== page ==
Working in IT: Advantages and Disadvantages
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IT industry 1 300x199 Working in IT: Advantages and DisadvantagesPlanning their own career, young people are facing a wide array of subjects which are host to an even longer list of degree choices. Making a decision which is influencing ones career paths can be daunting and need good consideration. Therefore, young people have to get some in depth information about different career paths. Those who feel attracted by the IT industry should consider the following pros and cons before making a final decision.

Many Jobs outside and inside the IT industry

As the IT industry grows yearly, graduates in that field have a higher job security than the ones in other sectors. According to prospects.ac.uk, it is estimated that employment numbers in computing and IT will be five-times as high as the UK average over the next decade.

Obviously, candidates with IT knowledge are the all-rounders on the job market. For instance, Network Engineers and Web Developers (click here for available Cititec.com Front End Jobs) are desperately wanted in many businesses all over the country. Their advantage is that they are also demanded outside the industry, being employed in for example financial services, retail, manufacturing, telecommunications, games development or the public sector.

High Salary Expectations

Those who are aiming to work in IT can expect a relatively high salary, which is likely to become increased due to many available growth opportunities in the sector.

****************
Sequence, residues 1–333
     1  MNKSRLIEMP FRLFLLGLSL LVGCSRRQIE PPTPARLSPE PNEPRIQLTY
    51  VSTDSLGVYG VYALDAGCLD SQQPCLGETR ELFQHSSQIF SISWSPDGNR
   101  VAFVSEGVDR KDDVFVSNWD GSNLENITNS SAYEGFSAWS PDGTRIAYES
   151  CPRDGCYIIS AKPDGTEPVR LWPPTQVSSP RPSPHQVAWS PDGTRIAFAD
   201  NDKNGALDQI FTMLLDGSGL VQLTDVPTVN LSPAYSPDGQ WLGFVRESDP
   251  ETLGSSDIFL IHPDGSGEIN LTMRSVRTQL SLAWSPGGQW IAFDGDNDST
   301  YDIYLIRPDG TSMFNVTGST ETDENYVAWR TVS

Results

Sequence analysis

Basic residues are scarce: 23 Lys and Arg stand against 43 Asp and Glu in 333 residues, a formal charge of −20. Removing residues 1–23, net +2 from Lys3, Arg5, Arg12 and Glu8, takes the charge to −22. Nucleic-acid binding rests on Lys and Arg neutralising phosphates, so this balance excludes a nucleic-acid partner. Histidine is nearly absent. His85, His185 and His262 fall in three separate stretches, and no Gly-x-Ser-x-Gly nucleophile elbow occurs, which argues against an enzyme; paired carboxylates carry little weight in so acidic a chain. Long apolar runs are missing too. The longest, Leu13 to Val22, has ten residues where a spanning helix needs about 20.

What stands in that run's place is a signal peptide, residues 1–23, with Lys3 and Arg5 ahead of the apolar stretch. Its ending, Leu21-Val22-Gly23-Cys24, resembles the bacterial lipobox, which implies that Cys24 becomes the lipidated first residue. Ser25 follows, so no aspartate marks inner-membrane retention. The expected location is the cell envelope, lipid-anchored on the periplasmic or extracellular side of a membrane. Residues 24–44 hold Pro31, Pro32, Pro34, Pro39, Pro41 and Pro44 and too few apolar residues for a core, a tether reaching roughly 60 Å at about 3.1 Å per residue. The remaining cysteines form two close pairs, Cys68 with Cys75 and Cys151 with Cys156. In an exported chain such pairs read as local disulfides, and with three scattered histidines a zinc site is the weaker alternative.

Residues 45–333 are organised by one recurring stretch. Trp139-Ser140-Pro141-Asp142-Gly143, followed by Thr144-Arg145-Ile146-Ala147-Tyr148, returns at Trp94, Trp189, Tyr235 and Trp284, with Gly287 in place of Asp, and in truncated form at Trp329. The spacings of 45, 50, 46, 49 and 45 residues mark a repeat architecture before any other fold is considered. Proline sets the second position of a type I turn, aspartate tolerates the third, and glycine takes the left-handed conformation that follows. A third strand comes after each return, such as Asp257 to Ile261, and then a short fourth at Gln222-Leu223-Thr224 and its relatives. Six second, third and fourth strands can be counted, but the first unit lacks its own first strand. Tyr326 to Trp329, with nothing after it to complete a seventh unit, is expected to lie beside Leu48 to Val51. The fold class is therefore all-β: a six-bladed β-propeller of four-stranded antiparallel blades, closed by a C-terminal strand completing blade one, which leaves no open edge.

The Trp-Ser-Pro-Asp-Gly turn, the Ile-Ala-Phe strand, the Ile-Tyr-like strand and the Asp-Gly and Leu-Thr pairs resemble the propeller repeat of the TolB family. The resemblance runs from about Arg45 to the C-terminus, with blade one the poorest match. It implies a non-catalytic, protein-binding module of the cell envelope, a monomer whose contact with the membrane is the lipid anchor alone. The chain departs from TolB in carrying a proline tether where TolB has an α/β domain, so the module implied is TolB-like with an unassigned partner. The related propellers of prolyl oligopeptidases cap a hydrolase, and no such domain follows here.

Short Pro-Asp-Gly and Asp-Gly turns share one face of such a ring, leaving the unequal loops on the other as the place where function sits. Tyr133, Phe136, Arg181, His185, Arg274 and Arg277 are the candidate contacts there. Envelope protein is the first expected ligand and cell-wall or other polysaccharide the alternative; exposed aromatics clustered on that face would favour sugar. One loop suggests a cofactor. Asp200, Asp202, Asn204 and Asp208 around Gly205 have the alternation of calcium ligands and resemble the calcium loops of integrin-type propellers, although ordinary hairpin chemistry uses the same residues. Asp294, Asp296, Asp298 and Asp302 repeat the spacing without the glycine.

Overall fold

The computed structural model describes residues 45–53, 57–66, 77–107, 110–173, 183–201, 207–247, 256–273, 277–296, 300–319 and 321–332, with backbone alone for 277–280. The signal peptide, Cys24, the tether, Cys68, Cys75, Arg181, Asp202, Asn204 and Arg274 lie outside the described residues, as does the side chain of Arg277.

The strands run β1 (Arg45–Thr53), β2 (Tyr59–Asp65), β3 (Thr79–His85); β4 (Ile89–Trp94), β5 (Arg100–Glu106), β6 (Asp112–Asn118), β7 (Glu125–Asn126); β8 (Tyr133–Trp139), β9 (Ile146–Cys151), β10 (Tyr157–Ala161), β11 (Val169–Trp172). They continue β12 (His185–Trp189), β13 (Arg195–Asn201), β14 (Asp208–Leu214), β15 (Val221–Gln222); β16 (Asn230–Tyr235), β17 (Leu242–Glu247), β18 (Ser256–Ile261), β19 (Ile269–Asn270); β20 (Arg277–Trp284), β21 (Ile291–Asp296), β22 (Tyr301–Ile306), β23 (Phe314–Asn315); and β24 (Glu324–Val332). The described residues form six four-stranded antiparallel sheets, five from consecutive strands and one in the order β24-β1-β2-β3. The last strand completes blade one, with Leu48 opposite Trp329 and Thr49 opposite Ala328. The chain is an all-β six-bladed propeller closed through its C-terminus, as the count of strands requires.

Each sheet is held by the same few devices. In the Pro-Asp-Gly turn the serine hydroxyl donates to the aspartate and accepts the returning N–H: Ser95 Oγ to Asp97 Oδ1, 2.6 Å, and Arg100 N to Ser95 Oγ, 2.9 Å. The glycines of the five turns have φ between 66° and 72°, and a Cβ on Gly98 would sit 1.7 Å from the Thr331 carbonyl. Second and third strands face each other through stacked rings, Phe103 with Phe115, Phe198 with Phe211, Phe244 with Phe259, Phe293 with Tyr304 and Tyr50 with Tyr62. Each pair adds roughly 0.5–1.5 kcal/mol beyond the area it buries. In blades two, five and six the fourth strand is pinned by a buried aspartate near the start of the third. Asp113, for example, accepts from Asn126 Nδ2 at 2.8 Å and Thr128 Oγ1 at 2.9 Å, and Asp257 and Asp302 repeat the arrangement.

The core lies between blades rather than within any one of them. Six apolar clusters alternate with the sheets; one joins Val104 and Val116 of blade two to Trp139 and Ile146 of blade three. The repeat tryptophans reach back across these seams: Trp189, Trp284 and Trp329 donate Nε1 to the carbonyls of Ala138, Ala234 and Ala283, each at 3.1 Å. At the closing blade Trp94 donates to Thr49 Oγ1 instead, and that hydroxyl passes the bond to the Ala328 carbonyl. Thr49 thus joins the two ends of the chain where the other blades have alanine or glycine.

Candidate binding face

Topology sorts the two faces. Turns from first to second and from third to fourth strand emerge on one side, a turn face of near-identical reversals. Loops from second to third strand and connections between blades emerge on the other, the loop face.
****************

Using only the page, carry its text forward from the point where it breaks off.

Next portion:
According to the “UK salaries 2011” list published on thisismoney.co.uk, information and communication technology managers are on position 15 of the best paid jobs in the UK.

Graduates in the UK start at a salary of around £27K, which can go up to £46K in salary depending on experience. In the US, junior positions are even better paid. Starters earn from $45,000 to $50,000 and up to $100,000 in an IT managing position.

Good Opportunities for Freelancers

Graduates with extensive knowledge of web development or programming possess the ideal requirements to become self-employed. Some businesses do not have the budget to employ an IT-Specialist full-time, but rather look for a freelancer who can help out in that respect.

Feeling good about oneself

An IT specialist owns a wide range of in-depth knowledge, which is vital to solve technical problems and to in turn help people at their work place. This helping function may enhance the technician’s satisfaction and motivation level, but also needs some people skills.

What are the key issues in the IT sector?

In smaller businesses, IT specialists are often the only people in charge, thus they carry full responsibility for the department. Therefore, working overtime is quite common, as the employer’s emphasis lays on the finalisation of a project or getting technical problems solved.

Clearly, as technical innovations enter the market daily and given practices are subjects to regular change, IT specialist must be flexible. Some think that the position is well paid, as it requires constant self-improvement and adaptability to ever changing technology. Thus those who decide to work in IT, decide for a career which requires lifelong learning.

According to prospects.ac.uk many IT specialists lack already sufficient specialist knowledge such as in the areas .NET, ASP.NET, Dynamics, SharePoint, Visual Basic, Visual Studio, C# or PHP.

Therefore, it may be possible that students need to gain some skills with the help of a self-study plan, as some degrees may not cover all areas needed to enter the working environment. Those who want to read more about work entry requirements in the IT and computing industry, please click here for jobs with Cititec.com and have a look at their role descriptions.

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